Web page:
Bonnechere River Trip

Algonquin Park, May 10 to 15, 2005

Day 6

Sunday, May 15th, Turner's Camp, on the Bonnechere River

Well, we made it. John, John Terry and I are sitting amidst a heap of canoe trip debris while Nigel's chatting up a couple of cottagers. Scott's on his way to Basin Depot to get the car to begin the shuttle.

We're all in varying states of undress and I can see we all look a tad worse for wear. It's as if our uncle Eddie's friendly, playful Saint Bernard got a bit carried away with us at the weekend.

We got into Turner's Camp about 10:30 after an 8am start. (Or close to it). It had started raining last night around 9pm and hadn't really stopped until around four or five this morning. I listened to it for about an hour, or so it seemed.

The sound of rain on the tent is actually beautiful, if it happens to be the last night of your trip and you happen to have no more portages.

From Lake Couchain to here is a portageless excursion through small lakes connected by channels and then back to a much wider Bonnechere River. It's pretty but settled territory. Fairly modest, fairly numerous cottages, trailers, sheds and what not punctuated one shore, with marsh on the other.

I don't imagine you could count on camping anywhere past Couchain Lake. There was at least one "no camping sign" I saw and no friendly orange triangles.

Post facto note: someone commented in August 2005 that there are campsites on Beaverdam Lake. One is across the lake from a lodge.

What was thick fog, obscuring the opposite shore of Couchain lake, possibly 300m away, burnt off to blue sky 8am and by 9:30 we were paddling in short sleeves.

It was the first time all trip I'd taken off my fleece, Scott observed.

At about 80km, one way, it was going to be a while before the rest of the cars came back so we busied ourselves with drying out our gear, made lunch and pondered why we do this.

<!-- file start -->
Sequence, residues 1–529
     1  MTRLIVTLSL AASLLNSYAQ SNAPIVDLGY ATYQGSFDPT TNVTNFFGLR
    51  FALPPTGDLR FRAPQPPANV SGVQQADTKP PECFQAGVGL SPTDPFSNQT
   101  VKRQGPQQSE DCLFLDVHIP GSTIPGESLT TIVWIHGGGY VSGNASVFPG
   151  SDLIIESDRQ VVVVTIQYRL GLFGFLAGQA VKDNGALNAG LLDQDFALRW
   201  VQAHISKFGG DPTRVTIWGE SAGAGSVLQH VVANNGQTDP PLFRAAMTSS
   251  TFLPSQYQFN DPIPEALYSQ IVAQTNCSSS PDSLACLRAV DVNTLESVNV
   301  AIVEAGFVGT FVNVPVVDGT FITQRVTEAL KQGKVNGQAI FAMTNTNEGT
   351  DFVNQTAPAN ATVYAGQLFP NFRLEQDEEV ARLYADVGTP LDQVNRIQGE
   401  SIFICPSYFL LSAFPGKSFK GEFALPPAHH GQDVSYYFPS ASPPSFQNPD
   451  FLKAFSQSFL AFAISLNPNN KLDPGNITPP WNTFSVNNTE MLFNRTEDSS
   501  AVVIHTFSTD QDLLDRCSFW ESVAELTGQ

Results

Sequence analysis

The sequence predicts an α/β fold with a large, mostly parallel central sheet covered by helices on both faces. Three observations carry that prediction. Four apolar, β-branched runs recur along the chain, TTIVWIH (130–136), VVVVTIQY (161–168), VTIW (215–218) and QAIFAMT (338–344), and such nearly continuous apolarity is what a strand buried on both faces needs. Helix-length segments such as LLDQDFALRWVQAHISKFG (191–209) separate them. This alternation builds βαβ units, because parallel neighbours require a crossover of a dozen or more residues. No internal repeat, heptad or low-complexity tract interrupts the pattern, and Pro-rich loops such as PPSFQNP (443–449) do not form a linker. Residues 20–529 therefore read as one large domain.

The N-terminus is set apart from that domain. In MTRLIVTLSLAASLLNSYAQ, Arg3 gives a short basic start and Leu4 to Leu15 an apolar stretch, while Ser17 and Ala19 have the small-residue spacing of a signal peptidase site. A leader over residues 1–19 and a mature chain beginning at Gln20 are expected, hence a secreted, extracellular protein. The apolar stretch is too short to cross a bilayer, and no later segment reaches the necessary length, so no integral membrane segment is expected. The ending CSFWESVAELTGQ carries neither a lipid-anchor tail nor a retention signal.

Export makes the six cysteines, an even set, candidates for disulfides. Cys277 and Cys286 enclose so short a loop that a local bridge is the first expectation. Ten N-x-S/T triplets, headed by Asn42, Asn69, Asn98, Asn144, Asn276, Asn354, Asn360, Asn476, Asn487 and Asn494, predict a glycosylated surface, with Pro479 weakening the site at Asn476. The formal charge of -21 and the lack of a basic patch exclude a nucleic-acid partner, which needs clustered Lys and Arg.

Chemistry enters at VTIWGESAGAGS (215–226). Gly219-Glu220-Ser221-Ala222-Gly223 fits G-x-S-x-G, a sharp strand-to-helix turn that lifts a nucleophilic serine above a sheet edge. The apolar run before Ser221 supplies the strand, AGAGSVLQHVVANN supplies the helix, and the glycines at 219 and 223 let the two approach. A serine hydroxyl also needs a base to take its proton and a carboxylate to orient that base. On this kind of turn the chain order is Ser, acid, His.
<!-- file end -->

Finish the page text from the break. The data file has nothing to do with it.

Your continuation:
As I write these words, I notice blackflies hovering. They're not biting but I imagine they will be soon. So the window between ice-out and bugs-in is very narrow indeed - to be safe, the first two weeks of May. I could not imagine doing this trip with bugs.

The other cars rolled up around 2:30 and Scott the beer fairy made an opportune and appreciated stop in Madawaska before heading back up the road. We were packed up and gone by 3pm, and back in Ottawa around 5pm.

FRS radios: blessing or curse?

I have never tripped with them and I was, at the outset, a little dubious. I could see how they'd be handy - checking out camp sites, scouting portages, and what not. And in truth they were handy for the latter. But in the hands of a gadget-obsessed overgrown child - not that we had anyone like that on our trip - they're an irritant. You're in the middle of this wilderness park and suddenly there's a snap, crackle zzz and someone making some stupid joke - in theory.

I think I would use them if we were likely to, or could think of a use for, getting separated. Picking campsites on large lakes in Killarney in summer, for example. "Uh this is canoe one. The site I'm at is the pits. How's yours, over?" Scouting is another good example. But I would want severe punishments for gratuitous use.

What is lightweight camping?

It seems everyone has their own idea about what constitutes camping necessities. And they wrinkle their noses at the unnecessary junk that others bring.

Really, it comes right down to pack weight and whether or not you can carry what you've got without holding the rest of the group back. My luxury items were a thermarest chair (358g) and a huge honking camera (1154g). I didn't weigh my pack, but it wasn't very heavy. And it was maybe 60 per cent full.

Scott had a small, folding aluminum chair. Terry... well, I don't know what Terry had but his pack was about as tall as he was, so he must have had some stuff. John G had enough food to feed an army. Mind you it was all power bars and salami, but desperate times...

Who's to say what all is essential. I am a big fan of back support. Maybe naked John has a real fear of going hungry. Who knows.

The fall back seems to be, "if I can carry it and keep up with everyone, what's it matter?" That's fine if you don't switch loads, like Scott and Terry. But what about a canoe where the paddling parnters swap portage loads? I made Nigel carry my camera for half the portages, for example. Am I ever glad I left my good luck brick at home.

Wisdom for today

"You're never lost - you just know your position with less accuracy." Nigel Ward, 2005.

Nigel, is never lost, maybe. Me, I can get lost. Nigel went on to explain that you may not know exactly where you are, but you always know something about it. Earth, Canada, Ontario, Algonquin Park, "Somewhere around Turner's Camp." But he added later, If you know exactly where you are to the nearest metre, but don't know in which direction to walk, are you lost? I don't know. But I'm signing up for Nigel's navigation course next year.